Yet New Zealand’s attendance is much lower than other countries and is falling. Only three out of five learners regularly attend school.
“Covid-19 has badly disrupted attendance, but we were seeing serious issues with attendance before the pandemic. Between 2015 and 2019 the percentage of learners regularly attending school dropped from 70% to 58%” said Ruth Shinoda, Head of ERO’s Education Evaluation Centre.
“Missing school adds up. If students miss a week of school each term by the time they are 16 they will have missed a year of schooling. That’s a lot of learning time lost. There is no safe level of non-attendance, even just missing two days a term is linked to lower achievement.”
“What we found is that many New Zealand parents and students don’t prioritise going to school”.
ERO found that four in 10 parents are comfortable with their child missing more than a week of school a term. In addition to this, a third of students didn’t see going to school every day as that important and, concerningly, nearly a quarter of students said they did not think school was that important for their futures.
“We know that many parents and students are not prioritising school. Two-thirds of parents would keep their children home for a special event and around a third would take their children out of school for a holiday or sporting event. More than one in 10 parents would keep their child home for their birthday. In addition to this, a third of students said they want to miss school because they have more enjoyable things to do at home,” says Ms Shinoda.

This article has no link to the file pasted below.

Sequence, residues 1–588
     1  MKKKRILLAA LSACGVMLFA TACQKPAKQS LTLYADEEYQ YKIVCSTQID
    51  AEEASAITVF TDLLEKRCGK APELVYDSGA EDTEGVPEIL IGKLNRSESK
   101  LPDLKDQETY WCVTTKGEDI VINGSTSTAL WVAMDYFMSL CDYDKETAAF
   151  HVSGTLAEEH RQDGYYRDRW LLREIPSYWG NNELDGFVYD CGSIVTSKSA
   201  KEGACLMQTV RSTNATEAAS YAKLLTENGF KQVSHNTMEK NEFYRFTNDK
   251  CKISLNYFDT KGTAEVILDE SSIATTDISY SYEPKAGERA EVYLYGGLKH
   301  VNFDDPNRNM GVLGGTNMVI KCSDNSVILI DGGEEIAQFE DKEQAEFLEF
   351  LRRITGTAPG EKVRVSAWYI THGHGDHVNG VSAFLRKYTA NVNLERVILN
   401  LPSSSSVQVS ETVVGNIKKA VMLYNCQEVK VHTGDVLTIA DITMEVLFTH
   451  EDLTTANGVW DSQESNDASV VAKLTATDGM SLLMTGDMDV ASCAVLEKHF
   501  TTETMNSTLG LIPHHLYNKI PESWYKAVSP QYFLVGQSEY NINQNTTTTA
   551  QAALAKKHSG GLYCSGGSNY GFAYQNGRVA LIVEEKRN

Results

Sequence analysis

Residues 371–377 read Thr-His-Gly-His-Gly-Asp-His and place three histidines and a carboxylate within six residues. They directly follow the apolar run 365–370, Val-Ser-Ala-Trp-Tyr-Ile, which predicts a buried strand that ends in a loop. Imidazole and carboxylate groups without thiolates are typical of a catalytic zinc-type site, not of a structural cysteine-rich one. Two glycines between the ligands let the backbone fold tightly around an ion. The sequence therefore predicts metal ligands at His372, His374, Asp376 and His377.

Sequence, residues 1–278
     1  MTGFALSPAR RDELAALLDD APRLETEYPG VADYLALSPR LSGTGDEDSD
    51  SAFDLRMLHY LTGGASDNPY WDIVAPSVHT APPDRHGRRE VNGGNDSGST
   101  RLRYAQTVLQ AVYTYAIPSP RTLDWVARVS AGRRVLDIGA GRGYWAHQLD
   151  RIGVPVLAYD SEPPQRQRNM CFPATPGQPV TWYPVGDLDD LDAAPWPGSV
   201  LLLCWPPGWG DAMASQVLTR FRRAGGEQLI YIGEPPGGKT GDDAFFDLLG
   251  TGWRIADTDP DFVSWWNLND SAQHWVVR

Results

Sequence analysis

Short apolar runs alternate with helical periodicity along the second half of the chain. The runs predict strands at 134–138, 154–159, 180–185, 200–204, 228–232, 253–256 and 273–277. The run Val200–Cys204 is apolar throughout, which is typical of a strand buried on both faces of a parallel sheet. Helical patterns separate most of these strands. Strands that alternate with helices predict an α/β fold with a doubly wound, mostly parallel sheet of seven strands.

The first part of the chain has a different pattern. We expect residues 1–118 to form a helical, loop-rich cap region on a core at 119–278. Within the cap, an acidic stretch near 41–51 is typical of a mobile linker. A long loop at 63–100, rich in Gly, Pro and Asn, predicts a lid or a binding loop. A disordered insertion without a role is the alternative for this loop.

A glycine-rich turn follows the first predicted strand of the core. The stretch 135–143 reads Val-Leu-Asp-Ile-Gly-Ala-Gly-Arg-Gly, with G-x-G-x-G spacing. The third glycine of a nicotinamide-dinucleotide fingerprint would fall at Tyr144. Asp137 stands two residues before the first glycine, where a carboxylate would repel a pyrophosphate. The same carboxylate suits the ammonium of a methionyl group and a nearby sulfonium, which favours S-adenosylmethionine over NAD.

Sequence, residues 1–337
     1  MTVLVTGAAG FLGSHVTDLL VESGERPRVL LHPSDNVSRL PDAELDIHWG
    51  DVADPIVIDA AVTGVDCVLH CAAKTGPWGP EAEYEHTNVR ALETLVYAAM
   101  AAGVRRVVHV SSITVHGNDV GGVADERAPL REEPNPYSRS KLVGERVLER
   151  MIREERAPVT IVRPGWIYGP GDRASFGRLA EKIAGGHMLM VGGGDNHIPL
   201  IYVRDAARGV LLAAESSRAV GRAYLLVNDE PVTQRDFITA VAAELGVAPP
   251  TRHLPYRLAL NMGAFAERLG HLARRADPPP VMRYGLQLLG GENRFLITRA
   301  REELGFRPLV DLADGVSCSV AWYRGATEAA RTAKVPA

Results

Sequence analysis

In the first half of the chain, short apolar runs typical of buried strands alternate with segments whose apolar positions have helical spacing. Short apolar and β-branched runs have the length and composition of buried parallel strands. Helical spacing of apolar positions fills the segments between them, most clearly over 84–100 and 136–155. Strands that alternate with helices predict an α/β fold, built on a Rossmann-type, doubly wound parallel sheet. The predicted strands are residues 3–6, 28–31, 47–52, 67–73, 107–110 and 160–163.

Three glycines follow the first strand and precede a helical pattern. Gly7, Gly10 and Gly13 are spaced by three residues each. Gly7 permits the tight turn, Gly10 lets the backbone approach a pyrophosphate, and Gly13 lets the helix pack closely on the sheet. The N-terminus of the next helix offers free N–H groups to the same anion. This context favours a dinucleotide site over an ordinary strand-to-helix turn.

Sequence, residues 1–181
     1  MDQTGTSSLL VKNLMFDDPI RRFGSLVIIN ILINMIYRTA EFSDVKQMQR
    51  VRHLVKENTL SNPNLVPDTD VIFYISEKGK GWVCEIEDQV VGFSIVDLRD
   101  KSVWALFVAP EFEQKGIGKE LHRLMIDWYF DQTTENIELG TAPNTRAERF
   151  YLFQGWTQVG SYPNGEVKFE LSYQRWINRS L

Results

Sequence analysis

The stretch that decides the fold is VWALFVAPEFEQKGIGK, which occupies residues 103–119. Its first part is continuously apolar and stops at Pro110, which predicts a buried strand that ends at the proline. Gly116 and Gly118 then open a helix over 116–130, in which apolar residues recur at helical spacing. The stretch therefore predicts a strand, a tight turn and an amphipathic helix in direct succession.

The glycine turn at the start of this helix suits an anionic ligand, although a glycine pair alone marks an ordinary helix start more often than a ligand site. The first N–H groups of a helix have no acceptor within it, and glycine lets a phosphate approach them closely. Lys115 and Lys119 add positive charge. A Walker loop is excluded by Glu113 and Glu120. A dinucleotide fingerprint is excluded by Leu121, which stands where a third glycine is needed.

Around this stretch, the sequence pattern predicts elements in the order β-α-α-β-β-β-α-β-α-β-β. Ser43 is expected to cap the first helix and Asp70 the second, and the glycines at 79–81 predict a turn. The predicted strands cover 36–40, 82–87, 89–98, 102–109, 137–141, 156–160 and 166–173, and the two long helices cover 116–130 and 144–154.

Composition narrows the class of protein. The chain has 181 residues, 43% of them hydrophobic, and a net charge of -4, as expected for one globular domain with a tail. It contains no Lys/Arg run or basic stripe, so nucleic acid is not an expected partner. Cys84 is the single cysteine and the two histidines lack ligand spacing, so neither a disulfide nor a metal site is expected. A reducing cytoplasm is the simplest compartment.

This new research also highlights the barriers that some students face. For example, students who miss school are more likely to report poor relationships with teachers and peers. This is important because relationships with friends and having teachers they like are key motivators for students to go to school.
“We need to urgently turn around New Zealand’s falling attendance rate if we want to see our children achieve. This will require action from government, communities, schools, parents, and the learners themselves,” says Ms Shinoda.
Complementing the Government’s recently released Attendance and Engagement Strategy, ERO recommends five areas for action to turn these patterns around.
“We need to improve parents’ understanding of the importance of going to school and their awareness of how often their children are going to school.”
“School also needs to be more engaging for all students and a great place to be. Schools and agencies will also need to work together to tackle the key barriers to attendance such as transport and having the right equipment.”
“Finally, we need to help students catch up on learning after missing school so they don’t fall further behind.”
The new research can be found on ERO’s website: Attendance in New Zealand | Education Review Office (ero.govt.nz)